No one knows their story better than a writer, but telling the story in an entertaining way can be one of the most daunting aspects of screenwriting.
You have a few minutes to a half-hour to sell a project you’ve poured your heart into by yourself in a room. Those stories are meant to be seen or read, so the “art of pitching” can feel counterintuitive as a way to sell an idea. But if you know what makes a great pitch and have a great support team behind you, you’ll be able to talk to anyone about your film idea.
So, here are a few things to keep in mind.
What’s the Venue?
Circumstances will change the way you talk to someone about your idea. Are you sitting down for a formal meeting, a formal pitch, having a brainstorming session with your reps, talking to your manager over the phone, or just running into an executive or potential representative in an elevator?
You should always have a one-sentence logline and a one-paragraph pitch that you can rattle out to whomever you’re speaking. Keep in mind, though, that just because you’ve met a representative or executive doesn’t mean that they want to hear your idea. You’re likely better off pitching yourself, your voice, and anything you’ve created, rather than a specific project that deserves a formal presentation.
A sit down with your representatives can be fairly casual but they’ll work with you to get into the finer details. How the conversation goes depends on your working relationship with them. Some representatives and their clients are more casual than others. An executive will always have some level of formality, whether it’s a general or pitch meeting.
Reps First, Always
When it comes to your original ideas, always talk to your representation before pitching to an executive. There are a few reasons for this. The first is that this is what you pay them to do. They most likely set the meeting and have a relationship with the executive. They will provide insight into what kind of meeting it is (pitch or general), the executive you’re meeting with, and the best way to approach the situation.
When it comes to pitching to your agent or manager, it will depend on where you are in your career and your relationship with them. What this means is that some reps will ask you what you’re working on and interested in after finishing up a project. Some reps, more likely managers, may even brainstorm ideas with you. Others, particularly if you’re less established and building your portfolio, will ask for a list of loglines you’re considering and help you choose the best one to fit your brand/voice and the current market.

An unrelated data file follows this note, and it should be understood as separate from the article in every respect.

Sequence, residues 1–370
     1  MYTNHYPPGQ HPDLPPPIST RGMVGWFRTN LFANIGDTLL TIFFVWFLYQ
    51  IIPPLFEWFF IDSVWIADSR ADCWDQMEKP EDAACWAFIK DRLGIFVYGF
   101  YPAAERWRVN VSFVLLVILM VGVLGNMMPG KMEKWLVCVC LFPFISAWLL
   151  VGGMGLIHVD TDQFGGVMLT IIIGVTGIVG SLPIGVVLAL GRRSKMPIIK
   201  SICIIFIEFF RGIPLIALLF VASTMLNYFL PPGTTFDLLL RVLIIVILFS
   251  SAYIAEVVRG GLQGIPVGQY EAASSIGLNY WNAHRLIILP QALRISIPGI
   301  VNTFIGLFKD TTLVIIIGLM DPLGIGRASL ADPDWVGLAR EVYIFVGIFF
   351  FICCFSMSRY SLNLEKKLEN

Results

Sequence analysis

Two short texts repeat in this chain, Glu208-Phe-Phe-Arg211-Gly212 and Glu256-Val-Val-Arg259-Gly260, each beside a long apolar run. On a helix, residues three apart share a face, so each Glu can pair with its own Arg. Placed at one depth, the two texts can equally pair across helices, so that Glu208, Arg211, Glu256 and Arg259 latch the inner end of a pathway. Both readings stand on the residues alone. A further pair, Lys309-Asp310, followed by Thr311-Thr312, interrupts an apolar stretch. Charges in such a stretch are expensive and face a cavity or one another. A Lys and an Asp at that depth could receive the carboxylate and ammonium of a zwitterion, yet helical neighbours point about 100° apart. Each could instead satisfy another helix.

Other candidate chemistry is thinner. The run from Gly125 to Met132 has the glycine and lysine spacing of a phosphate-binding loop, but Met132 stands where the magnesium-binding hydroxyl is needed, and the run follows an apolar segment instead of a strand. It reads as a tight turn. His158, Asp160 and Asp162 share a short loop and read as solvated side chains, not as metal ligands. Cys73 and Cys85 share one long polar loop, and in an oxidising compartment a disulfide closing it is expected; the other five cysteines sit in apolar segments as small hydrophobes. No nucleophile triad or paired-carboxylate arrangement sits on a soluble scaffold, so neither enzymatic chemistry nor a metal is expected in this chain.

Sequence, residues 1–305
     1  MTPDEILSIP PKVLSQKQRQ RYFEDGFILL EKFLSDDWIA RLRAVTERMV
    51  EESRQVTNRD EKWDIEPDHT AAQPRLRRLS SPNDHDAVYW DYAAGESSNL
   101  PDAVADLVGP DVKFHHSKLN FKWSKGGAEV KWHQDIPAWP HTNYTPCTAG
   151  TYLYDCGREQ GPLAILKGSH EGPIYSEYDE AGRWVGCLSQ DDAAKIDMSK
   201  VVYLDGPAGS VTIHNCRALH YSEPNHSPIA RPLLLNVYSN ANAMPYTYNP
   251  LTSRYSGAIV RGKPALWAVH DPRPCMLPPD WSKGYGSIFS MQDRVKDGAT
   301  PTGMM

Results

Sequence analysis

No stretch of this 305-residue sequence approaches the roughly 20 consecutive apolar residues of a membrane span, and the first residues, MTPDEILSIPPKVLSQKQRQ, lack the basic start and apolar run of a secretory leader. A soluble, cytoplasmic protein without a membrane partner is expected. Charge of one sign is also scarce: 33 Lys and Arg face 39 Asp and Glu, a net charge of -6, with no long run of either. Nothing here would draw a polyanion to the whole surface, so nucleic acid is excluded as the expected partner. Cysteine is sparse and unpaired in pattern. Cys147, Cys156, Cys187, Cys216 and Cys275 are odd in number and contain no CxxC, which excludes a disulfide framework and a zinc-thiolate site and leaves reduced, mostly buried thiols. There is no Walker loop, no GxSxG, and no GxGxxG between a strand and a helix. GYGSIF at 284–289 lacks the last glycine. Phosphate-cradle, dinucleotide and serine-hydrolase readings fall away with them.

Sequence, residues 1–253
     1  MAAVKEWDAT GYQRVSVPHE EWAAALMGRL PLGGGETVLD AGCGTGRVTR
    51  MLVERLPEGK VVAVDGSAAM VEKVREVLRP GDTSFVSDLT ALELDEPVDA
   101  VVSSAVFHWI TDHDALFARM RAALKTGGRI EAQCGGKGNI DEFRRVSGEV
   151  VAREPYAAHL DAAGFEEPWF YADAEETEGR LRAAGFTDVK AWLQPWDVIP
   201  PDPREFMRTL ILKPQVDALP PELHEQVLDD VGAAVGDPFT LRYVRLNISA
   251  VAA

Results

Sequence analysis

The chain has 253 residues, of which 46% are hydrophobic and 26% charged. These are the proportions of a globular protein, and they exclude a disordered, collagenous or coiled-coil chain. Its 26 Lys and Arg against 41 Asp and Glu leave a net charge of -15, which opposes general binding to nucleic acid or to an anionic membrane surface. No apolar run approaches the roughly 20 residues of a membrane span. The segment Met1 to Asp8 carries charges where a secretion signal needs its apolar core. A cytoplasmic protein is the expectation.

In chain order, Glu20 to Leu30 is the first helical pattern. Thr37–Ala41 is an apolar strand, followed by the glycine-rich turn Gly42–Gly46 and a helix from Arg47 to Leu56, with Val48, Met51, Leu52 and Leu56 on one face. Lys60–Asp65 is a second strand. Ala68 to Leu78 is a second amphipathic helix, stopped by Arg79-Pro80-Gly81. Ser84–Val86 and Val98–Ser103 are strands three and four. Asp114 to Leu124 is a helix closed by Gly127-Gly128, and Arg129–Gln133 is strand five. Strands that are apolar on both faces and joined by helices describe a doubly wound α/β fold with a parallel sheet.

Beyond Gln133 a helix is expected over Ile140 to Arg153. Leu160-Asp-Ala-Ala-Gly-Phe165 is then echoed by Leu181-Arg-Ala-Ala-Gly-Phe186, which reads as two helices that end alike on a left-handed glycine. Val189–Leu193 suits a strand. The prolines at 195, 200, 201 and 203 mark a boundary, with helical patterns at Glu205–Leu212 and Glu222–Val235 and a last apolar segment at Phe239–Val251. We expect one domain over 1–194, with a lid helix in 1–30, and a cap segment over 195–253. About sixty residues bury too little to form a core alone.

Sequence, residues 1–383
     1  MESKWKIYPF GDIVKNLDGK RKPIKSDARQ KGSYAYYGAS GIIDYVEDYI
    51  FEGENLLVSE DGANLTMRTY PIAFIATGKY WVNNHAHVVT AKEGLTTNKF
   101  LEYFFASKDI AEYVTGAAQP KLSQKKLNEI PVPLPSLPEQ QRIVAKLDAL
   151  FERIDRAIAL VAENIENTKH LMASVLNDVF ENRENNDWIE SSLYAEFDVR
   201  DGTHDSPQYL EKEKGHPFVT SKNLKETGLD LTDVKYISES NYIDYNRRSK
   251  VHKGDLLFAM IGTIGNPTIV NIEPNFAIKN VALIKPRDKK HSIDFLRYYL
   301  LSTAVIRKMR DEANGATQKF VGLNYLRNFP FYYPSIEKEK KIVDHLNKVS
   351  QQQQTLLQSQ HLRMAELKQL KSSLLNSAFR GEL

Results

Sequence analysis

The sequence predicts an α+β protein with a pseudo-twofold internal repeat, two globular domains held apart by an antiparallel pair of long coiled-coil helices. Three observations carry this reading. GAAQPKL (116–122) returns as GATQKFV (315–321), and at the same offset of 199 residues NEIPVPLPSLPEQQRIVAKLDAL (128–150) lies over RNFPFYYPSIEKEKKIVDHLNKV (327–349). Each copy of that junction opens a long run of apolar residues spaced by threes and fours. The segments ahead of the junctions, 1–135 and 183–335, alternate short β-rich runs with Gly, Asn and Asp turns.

Pitch vs. General
“Generals” are meetings for an executive/producer and writer to meet and get to know one another. Ideas that the writer has completed or are developing can come up, but you’ll be best waiting for an opening when you hear what they’re looking for, instead of going in with a hard sell.
Pitches are when you meet with an executive or producer and sell them on your idea. There may or may not be a visual component, and the length can vary from 10-30 minutes, often landing right smack dab in the middle at 20 minutes. You may or may not go to a pitch with a producer who is attached as you pitch to an executive.
What to Bring to a Pitch
What you bring to a formal pitch depends a lot on the project and your pitching style. Plenty of writers don’t bring any visual components, pitching solely verbally. A document with the story may be brought for the executives to walk away with or be emailed before or after the meeting.
If you’re writing a genre project, whether it’s set in another world or has sci-fi/fantasy elements, a visual component can be incredibly valuable. In those instances, you’re pitching more than a story. The visual elements can help solidify how you see the story for the executives.
Your visuals can be a pitch deck (either physical boards/pages or power point-style), or a mood board. A pitch deck includes the logline, budget, audience information, a breakdown of the major characters, and the main beats of the story. It also includes images throughout that evoke the visual tone of the world, the characters, and the big story moments.
A mood board focuses solely on the visuals inspiration. Mood boards pair well with the early version of a series bible in television pitches.
Your verbal pitch is basically a more detailed version of the pitch deck you provide. You’ll give the logline, the audience, the budget, the characters, and a detailed version of the story. While that pitch deck includes a visual tone, your storytelling skills should similarly come alive when speaking about your script. You want equal parts passion, story knowledge, and the ability to connect why your story matters to the potential audience.
One of the benefits of a rep, mentor, or advocate is that they will help you get these meetings and prep for them. They can run through rehearsing it with you and answer any questions you have about what to focus on that fits a particular executive’s tastes and focus. Going to your peers can also be a great resource and wealth of knowledge, and you should definitely ask your friends how they approach pitches. But at the end of the day, the people who advocate for you, your reps, are the best support system in this process.
Sharing your ideas with anyone can be nerve-racking, especially when it entails sitting in a room with a bunch of powerful people who can take your career to the next level. But hopefully these tips have shed some light on situations that might be a little obscure to you so you the next time you have the opportunity to talk about your story with someone, regardless of who it is, you can do so with confidence!